According to NPCanada.ca, a site for advanced practice nursing and nurse practitioners, in the last 10 years legislation has allowed nurses who have a high level of education (Masters of Nursing in Advanced Practice) to become nurse practitioners in a variety of settings. Nurse practitioners are able to diagnose and manage many conditions, prescribe medications, order tests and refer patients to specialists.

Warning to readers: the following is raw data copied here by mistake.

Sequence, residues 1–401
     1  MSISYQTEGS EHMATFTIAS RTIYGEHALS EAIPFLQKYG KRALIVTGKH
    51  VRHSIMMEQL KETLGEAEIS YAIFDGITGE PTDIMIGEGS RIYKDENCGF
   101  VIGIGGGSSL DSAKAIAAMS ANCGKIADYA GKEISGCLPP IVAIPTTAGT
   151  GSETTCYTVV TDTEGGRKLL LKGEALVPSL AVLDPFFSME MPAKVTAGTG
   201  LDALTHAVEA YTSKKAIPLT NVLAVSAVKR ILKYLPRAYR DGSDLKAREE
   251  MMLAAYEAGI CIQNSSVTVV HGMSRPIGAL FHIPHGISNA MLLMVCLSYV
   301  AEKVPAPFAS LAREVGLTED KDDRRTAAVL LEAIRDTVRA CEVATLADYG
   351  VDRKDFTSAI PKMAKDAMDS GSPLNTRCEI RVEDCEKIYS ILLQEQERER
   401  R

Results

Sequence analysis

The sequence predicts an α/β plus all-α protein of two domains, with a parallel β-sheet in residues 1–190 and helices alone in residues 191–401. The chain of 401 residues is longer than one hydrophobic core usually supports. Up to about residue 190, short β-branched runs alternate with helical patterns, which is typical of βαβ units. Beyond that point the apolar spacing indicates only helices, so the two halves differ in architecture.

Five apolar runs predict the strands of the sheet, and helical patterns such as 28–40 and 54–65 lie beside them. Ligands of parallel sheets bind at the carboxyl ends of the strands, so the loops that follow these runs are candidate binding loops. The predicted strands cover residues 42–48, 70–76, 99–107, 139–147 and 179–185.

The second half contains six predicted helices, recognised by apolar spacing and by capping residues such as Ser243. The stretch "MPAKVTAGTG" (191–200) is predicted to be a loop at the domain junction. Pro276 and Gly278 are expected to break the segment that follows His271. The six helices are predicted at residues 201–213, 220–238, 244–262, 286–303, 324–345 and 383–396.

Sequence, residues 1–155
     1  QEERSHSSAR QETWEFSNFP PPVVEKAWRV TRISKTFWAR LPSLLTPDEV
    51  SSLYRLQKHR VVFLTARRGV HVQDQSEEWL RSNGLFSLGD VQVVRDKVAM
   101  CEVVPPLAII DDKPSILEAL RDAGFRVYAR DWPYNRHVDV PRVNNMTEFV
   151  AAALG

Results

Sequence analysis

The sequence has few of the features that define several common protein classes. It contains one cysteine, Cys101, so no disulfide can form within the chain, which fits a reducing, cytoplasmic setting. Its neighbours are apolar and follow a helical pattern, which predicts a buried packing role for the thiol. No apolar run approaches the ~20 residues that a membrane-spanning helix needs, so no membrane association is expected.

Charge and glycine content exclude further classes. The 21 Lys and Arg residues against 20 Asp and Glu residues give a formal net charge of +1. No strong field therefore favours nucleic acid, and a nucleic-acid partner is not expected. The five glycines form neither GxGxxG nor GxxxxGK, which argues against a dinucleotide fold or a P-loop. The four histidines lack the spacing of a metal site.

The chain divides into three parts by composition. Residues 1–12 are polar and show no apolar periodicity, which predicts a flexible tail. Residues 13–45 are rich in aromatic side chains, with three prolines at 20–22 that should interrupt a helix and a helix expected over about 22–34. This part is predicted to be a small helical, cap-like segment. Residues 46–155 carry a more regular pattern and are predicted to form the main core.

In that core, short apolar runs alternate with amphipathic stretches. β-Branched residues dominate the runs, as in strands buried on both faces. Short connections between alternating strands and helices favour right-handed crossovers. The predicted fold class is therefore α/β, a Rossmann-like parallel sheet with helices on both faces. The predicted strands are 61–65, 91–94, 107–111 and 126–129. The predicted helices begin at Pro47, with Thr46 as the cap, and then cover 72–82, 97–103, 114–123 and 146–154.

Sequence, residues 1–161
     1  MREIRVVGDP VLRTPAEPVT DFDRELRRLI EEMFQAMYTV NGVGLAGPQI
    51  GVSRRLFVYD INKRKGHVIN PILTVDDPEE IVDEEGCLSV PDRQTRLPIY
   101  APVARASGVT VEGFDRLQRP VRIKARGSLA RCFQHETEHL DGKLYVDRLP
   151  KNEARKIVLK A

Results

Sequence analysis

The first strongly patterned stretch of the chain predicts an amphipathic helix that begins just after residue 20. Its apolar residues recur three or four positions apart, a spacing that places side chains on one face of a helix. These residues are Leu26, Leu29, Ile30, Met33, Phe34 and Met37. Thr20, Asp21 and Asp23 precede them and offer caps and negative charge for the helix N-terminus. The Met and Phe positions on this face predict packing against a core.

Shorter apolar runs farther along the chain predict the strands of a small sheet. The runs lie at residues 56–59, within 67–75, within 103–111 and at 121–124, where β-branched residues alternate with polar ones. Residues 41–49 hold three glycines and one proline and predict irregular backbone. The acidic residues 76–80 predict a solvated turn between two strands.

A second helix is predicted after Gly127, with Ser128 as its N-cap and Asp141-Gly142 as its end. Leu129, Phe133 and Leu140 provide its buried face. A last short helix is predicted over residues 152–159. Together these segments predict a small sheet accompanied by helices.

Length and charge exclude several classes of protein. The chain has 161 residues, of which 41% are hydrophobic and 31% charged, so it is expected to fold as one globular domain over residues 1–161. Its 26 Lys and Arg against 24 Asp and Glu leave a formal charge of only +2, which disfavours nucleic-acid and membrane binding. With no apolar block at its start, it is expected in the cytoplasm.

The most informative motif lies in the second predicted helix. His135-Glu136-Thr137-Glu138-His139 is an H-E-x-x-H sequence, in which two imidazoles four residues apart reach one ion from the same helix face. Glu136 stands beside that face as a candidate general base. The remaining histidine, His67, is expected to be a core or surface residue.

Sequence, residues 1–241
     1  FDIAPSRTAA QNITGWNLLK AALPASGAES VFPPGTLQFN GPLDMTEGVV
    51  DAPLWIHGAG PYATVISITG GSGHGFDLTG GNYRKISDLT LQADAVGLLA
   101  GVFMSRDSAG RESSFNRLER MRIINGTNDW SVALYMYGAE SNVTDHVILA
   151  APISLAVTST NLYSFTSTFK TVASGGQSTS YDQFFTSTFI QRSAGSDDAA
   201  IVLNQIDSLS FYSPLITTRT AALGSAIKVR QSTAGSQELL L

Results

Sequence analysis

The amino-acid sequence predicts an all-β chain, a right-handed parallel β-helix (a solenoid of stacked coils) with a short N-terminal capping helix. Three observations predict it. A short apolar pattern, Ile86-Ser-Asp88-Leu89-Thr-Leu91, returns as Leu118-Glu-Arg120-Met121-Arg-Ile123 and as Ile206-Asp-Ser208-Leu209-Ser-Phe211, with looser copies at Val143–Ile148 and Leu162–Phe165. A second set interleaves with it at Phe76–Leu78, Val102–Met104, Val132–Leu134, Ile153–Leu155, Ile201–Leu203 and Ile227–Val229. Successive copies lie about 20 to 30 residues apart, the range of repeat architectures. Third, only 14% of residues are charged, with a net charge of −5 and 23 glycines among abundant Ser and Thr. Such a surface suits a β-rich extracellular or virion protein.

In the cancer continuum, they are involved at all points, from prevention to care. For example, an NP could be involved in cancer screening or healthy lifestyle prevention efforts, or she might be involved in end-of-life care, working in concert with an oncologist to order tests and administer advanced treatment. An NP can have responsibilities for improving the delivery of cancer care through education, research, patient management and case leadership. As cancer care becomes more complicated and patients more numerous, many people in the health care field expect the role of the NP in cancer care to grow.